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Insurance Minimums On the Rise for US Truck Fleets

WASHINGTON, DC — US carriers might soon see a spike in their liability insurance minimum because the Federal Motor Carrier Safety Administration (FMCSA) said the current $750,000 minimum is too low.

In a report to Congress, the FMCSA said current minimums need to be re-evaluated and that the agency is looking to create a rule to increase those minimums.

Right now, the minimum is $750,000 for general freight, $ 1 million for the less harmful dangerous goods and $5 million for the most harmful dangerous goods. These minimums were last updated in ’85.

The FMCSA’s initiative is in response to a study ordered by Congress in 2012 that looks at the increasing cost of crashes. At the time, Congress was drafting the MAP-21 law and considered upping insurance minimums from 750K to $1 million, but decided to have the FMCSA study the effects of changes and conduct reviews ever four years.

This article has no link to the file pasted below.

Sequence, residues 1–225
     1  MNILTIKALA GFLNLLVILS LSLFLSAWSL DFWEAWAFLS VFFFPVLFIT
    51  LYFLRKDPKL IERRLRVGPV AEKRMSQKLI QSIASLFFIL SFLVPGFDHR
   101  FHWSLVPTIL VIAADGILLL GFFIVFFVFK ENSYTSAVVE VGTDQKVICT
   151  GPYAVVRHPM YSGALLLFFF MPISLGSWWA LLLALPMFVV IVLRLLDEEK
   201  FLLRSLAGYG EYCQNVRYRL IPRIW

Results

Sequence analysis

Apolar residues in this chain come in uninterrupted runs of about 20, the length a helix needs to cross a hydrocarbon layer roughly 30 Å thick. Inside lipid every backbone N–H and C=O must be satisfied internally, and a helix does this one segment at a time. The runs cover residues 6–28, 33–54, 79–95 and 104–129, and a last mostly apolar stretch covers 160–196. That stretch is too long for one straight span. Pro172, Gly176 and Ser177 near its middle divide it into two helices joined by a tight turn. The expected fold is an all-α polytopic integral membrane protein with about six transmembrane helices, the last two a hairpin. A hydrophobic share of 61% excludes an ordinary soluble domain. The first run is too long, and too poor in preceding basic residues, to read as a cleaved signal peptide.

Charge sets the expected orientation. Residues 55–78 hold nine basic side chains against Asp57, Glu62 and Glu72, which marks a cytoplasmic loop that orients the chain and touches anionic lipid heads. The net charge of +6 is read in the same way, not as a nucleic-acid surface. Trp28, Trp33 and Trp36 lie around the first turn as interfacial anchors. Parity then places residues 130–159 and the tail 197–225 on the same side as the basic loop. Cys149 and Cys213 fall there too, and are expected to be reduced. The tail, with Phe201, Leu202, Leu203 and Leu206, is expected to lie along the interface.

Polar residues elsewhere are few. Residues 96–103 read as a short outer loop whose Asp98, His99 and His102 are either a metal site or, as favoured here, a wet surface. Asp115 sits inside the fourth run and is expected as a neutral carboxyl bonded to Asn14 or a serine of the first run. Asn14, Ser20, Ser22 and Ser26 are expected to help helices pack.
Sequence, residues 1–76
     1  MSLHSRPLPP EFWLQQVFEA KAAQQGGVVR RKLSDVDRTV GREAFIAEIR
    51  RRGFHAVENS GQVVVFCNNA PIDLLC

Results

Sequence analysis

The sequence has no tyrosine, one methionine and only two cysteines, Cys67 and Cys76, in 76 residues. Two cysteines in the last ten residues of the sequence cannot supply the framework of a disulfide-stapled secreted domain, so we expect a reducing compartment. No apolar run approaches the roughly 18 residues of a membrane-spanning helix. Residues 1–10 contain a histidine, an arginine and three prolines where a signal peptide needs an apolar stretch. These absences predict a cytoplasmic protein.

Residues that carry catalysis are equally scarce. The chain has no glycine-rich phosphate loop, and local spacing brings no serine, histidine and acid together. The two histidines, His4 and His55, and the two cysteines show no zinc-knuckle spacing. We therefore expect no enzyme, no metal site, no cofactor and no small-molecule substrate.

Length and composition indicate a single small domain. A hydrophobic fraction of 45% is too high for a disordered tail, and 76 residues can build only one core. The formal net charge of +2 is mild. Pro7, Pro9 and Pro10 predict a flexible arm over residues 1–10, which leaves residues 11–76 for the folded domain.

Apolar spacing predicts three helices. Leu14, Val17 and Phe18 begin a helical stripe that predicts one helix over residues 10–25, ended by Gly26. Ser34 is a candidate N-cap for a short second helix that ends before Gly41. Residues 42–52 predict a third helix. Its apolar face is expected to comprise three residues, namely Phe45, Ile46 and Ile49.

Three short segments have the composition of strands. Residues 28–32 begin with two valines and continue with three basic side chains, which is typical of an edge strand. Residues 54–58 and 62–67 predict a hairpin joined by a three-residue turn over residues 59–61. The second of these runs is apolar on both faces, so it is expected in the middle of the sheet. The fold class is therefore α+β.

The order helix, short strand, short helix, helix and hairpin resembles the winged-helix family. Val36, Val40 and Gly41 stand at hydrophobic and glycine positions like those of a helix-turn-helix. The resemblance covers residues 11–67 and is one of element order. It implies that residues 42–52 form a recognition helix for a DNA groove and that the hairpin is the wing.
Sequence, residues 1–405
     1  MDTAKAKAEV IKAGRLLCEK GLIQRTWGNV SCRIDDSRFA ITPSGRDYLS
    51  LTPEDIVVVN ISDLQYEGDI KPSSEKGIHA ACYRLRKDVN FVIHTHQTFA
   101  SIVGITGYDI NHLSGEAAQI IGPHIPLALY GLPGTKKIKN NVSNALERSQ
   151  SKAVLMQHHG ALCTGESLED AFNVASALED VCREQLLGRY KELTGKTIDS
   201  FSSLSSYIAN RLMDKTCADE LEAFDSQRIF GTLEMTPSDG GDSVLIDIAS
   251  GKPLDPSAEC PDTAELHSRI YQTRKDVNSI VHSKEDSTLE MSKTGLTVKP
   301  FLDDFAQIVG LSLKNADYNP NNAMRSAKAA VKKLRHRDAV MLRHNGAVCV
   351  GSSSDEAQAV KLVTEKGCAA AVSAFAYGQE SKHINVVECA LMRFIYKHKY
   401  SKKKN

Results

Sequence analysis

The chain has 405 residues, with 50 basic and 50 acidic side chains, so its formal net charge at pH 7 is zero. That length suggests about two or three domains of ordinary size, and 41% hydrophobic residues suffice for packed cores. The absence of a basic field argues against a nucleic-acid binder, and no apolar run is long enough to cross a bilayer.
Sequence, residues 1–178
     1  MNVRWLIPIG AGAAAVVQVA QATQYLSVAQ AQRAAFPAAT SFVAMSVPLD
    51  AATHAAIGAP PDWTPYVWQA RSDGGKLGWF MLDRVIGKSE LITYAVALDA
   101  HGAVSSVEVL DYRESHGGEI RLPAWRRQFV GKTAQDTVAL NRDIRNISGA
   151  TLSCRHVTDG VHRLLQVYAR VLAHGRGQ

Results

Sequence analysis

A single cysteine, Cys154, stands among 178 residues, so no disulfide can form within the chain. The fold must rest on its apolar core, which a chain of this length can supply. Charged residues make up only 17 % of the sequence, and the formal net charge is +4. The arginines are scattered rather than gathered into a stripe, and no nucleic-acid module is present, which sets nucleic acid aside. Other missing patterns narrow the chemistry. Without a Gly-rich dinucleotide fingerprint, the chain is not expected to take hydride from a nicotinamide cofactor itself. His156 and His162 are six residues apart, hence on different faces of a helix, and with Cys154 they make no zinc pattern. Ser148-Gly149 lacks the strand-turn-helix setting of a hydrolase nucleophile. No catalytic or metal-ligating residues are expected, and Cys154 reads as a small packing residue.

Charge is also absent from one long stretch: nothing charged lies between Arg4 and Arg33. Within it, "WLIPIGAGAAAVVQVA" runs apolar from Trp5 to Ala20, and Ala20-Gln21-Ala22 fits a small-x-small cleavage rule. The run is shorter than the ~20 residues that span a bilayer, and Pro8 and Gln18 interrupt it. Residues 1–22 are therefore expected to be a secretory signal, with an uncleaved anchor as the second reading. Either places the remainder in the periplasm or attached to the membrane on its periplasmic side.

The agency found that catastrophic crashes whose costs exceed current minimums are rare – just one percent of crashes, but even so, when they do happen, the costs can exceed the current minimums.

Why? The main reason is increased medical costs.

If the minimums were pegged to the medical CPI, general freight would require $3.2 million, the most harmful of dangerous goods would require $21.3 million and other dangerous goods would require $4.3 million.

Even if the minimums were pegged to the lesser standard of core CPI, they still would be significantly higher: $1.6 million for general freight, $10.8 million for the most dangerous goods and $2.2 million for other dangerous goods.

With files from Oliver Patton.

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